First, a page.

I must admit, when I started Indatus shortly after graduating from college I had dreams of selling it for millions of dollars someday. But I hardly gave much thought to the reality of that actually happening.
A few years into the business, one of my closest high school friends joined forces with me and we went about building a company. For the next 25 years we showed up for work and did whatever it took to keep the doors open, lights on, and customers and employees happy.
Over that period of time we built a multi-million dollar business around great people and cutting edge technology. When we decided it might be time to sell the business, multiple buyers were interested.
Twelve months after exploring the possibility of a sale, the sale was complete. We had exchanged our company for a large sum of cash. Now we had to decide what to do next.
After the sale we could have easily sailed off into the sunset for an early retirement. Both of us had more than enough money to live on with extra to pass down to our children and future generations. However, being in our mid-forties, it just felt like we had more to give. Something did not feel right about not continuing to work. Personally, I loved the feeling of creating something from nothing and I was not ready to let that go. I enjoyed the friendships I had at work and the challenge of building and running a company. I knew building another company would not be easy, but it would be fulfilling. Finally, I wanted to create wealth-building opportunities for other people; specifically those who were up for the challenge of helping me build the new venture.
Great people. Cutting-edge technology.
When Indatus was sold, it was an asset purchase. This meant that the buyer just purchased the assets that they wanted. In our case, that meant they took everything and everyone except for our data center equipment and network technicians. As they put it, “We have data centers and network teams around the world. We don’t want to buy another one in Louisville, KY.” So, post acquisition, we were left with a rock-star team of network engineers and a world-class data center. That was it.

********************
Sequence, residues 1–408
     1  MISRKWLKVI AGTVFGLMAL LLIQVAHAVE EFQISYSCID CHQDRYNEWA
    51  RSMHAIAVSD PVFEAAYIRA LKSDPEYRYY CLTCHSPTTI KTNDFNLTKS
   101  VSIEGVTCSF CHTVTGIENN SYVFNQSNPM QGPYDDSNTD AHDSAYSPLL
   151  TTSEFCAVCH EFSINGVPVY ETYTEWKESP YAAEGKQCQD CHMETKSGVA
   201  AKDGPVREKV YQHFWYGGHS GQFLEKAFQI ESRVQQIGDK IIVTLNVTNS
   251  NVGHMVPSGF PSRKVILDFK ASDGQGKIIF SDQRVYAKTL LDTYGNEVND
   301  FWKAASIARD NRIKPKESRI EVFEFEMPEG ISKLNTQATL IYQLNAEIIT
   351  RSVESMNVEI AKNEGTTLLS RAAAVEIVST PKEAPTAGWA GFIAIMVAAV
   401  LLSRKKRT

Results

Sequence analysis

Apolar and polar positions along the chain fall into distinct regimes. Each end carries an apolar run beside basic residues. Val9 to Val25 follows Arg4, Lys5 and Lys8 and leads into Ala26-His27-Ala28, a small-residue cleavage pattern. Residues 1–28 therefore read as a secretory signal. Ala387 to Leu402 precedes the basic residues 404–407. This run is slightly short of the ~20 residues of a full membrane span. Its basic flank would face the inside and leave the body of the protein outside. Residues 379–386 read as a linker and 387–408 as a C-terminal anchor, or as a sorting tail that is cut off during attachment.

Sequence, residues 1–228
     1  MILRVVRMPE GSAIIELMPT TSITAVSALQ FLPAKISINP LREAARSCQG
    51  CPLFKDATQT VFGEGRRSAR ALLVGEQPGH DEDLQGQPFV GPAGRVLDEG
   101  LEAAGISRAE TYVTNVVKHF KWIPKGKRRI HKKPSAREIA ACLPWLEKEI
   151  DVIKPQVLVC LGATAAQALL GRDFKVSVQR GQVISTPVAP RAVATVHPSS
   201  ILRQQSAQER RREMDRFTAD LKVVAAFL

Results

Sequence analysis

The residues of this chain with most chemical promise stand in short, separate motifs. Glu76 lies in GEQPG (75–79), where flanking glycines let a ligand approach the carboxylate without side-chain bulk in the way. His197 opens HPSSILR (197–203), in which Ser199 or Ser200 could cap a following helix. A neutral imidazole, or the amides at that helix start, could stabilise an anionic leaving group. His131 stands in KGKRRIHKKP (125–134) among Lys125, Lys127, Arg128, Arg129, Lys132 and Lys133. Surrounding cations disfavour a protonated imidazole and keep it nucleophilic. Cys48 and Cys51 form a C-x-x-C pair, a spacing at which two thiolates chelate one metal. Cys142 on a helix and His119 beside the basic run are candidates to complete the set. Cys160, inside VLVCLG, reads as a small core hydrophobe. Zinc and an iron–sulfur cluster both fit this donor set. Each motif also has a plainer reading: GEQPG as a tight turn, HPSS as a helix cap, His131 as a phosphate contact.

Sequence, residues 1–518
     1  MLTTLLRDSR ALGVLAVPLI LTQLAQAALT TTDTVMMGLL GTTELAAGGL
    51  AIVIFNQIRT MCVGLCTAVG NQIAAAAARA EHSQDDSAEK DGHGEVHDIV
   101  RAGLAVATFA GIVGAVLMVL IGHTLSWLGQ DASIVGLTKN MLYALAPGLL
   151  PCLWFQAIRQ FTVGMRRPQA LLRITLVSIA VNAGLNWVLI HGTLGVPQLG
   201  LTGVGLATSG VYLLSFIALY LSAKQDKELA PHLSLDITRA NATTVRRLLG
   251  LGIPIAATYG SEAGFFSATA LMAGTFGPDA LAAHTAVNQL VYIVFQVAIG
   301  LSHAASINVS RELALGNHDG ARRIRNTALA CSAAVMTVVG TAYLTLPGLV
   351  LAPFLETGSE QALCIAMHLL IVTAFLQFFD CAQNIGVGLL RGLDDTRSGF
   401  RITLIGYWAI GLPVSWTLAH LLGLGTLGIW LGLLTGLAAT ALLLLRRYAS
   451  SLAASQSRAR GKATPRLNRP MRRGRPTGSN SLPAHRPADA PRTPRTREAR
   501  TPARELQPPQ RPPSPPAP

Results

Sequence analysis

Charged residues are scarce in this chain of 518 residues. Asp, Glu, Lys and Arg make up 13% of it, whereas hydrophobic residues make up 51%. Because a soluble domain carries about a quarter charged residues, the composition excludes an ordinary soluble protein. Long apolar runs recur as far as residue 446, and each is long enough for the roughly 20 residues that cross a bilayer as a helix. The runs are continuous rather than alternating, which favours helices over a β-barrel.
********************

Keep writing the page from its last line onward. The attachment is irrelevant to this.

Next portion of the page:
Before the sale, our network engineers worked extensively in the world of managing telephone calls. More specifically, they perfected the art of turning telephone calls into data and managing those calls over our data network. The term for this is Voice over Internet Protocol or VoIP for short. At the time of the sale, we were handling well over 10 million VoIP calls per month. Our team had crafted a unique skill set. They had constructed within our data centers a highly scalable and redundant network architecture designed to handle large quantities of telephone calls. It was pretty clear that our next business venture would need to leverage on this expertise.
Filling a market need.
Being in and around business communications for over two decades, we saw the need in the market place for a simple, reliable, cost-effective way for businesses to upgrade or enhance their phone system without having to spend tens of thousands of dollars in the process.
The two options available to most companies are:
- Purchase a proprietary piece of hardware from one of the national manufacturers (many who have gone bankrupt like Nortel or Avaya).
- To look at one of the newer, cutting edge VoIP providers.
The proprietary hardware route is very expensive, relies on older technology, and offers very limited capabilities for the owner to manage the system. Every change requires a certified technician, is accompanied by a trip charge and a large invoice. Although these systems are very reliable, they offer no future-proof protection. Plus, the providers are going out of business and the overall cost is prohibitive.
If a company opts for VoIP, the few national providers around send the customer phones, tell them to plug them into their network, and everyone hopes that the service works. These companies offer little or no on-site assistance and they do no network assessment before locking customers into a contract. Sometimes the service works fine, but in a lot of cases these installations offer a terrible user experience. Every customer’s data network, and how the network is used, is unique. Not taking the time to understand these nuances often leaves the customer with a sub-standard communication experience. VoIP and cloud based communications is the future. However, time has to be spent up-front with the customer to detect network limitations and build a solution around those issues.
Armed with this knowledge, and a stellar network and network operations team, our next path forward was pretty clear. Our new company is going to be a world-class hosted VoIP provider.
We are on a mission to provide a simple, reliable, cost-effective business voice communication platform.
We will deliver telephone calls over the internet, allowing businesses to save money by canceling services with the phone company and eliminating their phone bill.
We will spend time with potential customers before the system is sold to make sure we completely understand their needs, expectations, and to set up a rollout plan to make the transition easy.
We will earn our customers’ business every month, and only require a 30-day contract.
We are hellospoke.
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